Applies nearly everywhere: The regulations are written so broadly they apply even if you are nowhere near the woods. As written, the AGFC regulations can apply even in urban areas. Regulation 01.00-F says it applies if you are carrying a firearm in: (1) a field, (2) a forest, (3) along a stream, or (4) in any location known to be game cover. Even in the city of Little Rock deer roam through some neighborhoods, which would be a “location known to be game cover.” And, it is not just deer. What about squirrels or rabbits in the city? It is farfetched to think wildlife officers would try to penalize you for carrying a handgun in a city. Yet, that possibility under the regulation demonstrates how overly broad the regulation is written.
Reasonable enforcement. It could be reasonably contended that wildlife officers will enforce the regulations in a reasonable manner and are not looking to bother people who are not hunting. The integrity of wildlife officers is not at issue. The issue is the overly broad regulation itself. You should not have to worry about even a remote possibility of being charged with hunting illegally just for carrying a handgun legally under Act 746.
Short barreled handguns. There has been some discussion on social media that perhaps AGFC wildlife officers would not declare you to be hunting unless the barrel of your handgun is four inches long or longer. The idea is a barrel of at least four inches is needed for hunting.
Act 746 says nothing about barrel length. It recognizes your right to carry a handgun regardless of what the handgun looks like.
Concealed Carry License. There has also been discussion that perhaps a concealed carry license (and a barrel shorter than four inches) will keep you on the good side of the AGFC.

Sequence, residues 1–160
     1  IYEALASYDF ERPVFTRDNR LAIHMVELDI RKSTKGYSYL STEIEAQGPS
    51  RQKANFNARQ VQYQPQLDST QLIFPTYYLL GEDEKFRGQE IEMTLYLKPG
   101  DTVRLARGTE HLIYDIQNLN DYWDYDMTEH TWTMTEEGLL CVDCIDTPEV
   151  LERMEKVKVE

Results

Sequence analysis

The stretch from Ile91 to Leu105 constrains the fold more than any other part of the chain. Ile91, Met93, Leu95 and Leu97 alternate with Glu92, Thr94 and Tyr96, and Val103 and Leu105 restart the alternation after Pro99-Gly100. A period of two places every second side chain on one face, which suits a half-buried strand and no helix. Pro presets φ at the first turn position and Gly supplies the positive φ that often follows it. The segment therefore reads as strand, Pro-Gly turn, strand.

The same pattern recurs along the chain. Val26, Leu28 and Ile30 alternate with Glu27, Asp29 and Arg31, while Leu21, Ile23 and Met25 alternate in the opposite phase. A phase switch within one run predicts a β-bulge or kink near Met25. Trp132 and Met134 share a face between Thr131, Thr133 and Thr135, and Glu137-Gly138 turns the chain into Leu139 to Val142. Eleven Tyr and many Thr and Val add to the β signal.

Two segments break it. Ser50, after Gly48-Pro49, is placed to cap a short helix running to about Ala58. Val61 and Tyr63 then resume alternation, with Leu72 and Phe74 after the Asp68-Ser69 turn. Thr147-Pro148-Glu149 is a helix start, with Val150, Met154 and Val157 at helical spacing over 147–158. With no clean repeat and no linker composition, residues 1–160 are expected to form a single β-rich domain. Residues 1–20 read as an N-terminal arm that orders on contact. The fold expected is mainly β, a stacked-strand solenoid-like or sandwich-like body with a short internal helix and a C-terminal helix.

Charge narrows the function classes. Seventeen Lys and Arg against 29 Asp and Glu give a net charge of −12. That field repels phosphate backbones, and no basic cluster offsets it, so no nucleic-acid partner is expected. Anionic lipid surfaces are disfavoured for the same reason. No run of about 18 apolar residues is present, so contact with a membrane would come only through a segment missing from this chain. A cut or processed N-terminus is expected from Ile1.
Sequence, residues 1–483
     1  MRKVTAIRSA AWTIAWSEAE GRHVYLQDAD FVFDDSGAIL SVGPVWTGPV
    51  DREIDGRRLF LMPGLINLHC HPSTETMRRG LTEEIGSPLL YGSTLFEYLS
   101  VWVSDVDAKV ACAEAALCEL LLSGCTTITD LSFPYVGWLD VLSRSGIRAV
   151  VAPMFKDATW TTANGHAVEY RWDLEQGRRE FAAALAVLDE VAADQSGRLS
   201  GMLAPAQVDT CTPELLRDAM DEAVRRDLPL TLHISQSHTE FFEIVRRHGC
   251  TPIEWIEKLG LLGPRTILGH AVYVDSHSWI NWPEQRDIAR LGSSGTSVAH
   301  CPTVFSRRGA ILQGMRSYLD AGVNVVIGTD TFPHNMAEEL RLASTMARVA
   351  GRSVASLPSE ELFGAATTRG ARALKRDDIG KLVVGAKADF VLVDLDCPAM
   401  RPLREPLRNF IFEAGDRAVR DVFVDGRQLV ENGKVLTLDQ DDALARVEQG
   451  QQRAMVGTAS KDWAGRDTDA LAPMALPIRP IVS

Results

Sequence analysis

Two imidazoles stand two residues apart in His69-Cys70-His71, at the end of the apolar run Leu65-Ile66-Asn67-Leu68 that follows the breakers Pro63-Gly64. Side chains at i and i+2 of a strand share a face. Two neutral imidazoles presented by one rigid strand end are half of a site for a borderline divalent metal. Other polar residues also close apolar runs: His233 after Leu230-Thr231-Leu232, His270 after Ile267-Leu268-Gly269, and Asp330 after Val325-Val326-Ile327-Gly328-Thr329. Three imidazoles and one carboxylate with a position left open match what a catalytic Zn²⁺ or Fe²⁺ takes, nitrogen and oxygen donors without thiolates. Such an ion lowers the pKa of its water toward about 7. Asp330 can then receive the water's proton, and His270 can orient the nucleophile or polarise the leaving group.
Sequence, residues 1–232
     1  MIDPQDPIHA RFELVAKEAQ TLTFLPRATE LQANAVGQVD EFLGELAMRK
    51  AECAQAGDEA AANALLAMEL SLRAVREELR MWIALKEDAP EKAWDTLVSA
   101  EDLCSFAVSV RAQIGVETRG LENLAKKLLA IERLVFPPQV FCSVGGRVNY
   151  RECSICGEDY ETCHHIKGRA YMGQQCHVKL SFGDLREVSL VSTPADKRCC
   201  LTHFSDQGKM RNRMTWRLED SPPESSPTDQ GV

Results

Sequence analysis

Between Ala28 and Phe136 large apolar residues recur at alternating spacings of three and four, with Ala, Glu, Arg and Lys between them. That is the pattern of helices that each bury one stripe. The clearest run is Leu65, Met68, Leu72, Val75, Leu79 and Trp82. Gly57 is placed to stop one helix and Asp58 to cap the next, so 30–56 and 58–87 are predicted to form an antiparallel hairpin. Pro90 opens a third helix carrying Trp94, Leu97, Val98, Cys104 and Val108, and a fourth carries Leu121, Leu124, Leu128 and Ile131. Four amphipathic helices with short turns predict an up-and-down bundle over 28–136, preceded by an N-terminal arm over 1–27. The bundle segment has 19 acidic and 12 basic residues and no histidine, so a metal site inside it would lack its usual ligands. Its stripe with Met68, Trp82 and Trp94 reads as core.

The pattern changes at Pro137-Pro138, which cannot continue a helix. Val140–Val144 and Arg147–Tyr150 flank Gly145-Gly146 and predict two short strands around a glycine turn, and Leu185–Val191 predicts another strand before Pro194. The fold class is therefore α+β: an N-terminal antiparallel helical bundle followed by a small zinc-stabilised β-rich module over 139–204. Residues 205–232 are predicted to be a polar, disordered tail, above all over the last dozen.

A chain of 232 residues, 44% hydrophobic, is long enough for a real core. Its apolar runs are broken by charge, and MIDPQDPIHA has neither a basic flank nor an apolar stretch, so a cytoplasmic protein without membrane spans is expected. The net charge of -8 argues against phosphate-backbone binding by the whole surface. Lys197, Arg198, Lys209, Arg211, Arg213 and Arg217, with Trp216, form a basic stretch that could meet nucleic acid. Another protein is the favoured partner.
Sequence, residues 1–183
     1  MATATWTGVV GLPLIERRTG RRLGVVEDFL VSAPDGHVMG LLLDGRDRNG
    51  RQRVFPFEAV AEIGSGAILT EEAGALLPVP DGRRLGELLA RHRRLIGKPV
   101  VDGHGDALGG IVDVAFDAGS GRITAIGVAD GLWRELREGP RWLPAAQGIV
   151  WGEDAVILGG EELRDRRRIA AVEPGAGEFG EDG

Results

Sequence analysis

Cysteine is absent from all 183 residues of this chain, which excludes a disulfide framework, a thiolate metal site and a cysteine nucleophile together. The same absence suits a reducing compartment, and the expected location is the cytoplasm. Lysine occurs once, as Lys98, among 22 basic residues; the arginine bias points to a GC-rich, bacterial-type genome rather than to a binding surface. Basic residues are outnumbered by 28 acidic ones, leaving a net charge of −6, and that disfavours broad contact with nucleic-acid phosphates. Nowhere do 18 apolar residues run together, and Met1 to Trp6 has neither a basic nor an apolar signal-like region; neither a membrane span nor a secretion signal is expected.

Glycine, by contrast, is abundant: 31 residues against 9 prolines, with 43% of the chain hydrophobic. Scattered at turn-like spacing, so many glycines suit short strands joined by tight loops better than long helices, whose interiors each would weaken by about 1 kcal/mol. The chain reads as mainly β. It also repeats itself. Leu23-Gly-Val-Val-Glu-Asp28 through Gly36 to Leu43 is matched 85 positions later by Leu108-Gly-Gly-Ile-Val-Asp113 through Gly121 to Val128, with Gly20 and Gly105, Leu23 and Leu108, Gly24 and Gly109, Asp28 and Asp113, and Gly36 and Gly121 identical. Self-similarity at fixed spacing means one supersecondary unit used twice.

Act 746 is not based on whether you have or don’t have a concealed carry license.
Any Firearm. In reviewing the broadly written regulations, it is evident the regulations presume the carrying of ANY firearm is hunting. As written, in the following examples you are PRESUMED to be hunting UNLESS you can prove you were not.
- Carrying a truck gun for self-protection
- Carrying a firearm by a farmer who needs to have it available for NON-GAME varmints causing problems on the farmer’s property
- Carrying a firearm while traveling to or from target practice or sighting in your rife.
Possessing a firearm in all these examples runs at least some risk of you having to prove you weren’t hunting to a wildlife officer and if that doesn’t work, to a court. Again, I am not writing about how wildlife officers are likely to enforce the regulations, and instead am looking at what the regulations say.
Handgun Owners and the AGFC
Are Act 746 supporters just being paranoid worrying about Arkansas Game and Fish regulations? I don’t think so. These are not poachers and they are diligent in learning their rights. In trying to learn about their rights they have encountered a badly written and overly broad regulation.
Are AGFC commissioners out to infringe your rights? I don’t think so. It seems to me they inherited very poorly written regulations and have been reluctant to take on the significant task of conforming their regulations to Act 746.
What Do You Think?
I think the regulations need to be rewritten to acknowledge Act 746 and to more narrowly describe the conduct that should be penalized – poaching. These are my thoughts. What are your thoughts on the regulations? Do you agree, disagree, or have additional concerns about the regulations?
If your prospective on the issue comes as a gun control advocate or as a PETA member who hates hunting, sorry but Arkansas law acknowledges the right to carry a handgun and also acknowledges the right to hunt under the regulations of the AGFC.
Here is a link to Act 746. The AGFC regulations are quoted above. Read both and make up your own mind. Also, consider the Second Amendment which says: “A well regulated Militia, being necessary to the security of a free State, the right of the people to keep and bear Arms, shall not be infringed.”
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David Ferguson is a former Director of Arkansas’ Bureau of Legislative Research, having a thirty-two-year career as an attorney for the Arkansas legislature. After retirement from state service his primary focus has been beef cattle farming. He is also a former officer of Conduit for Action.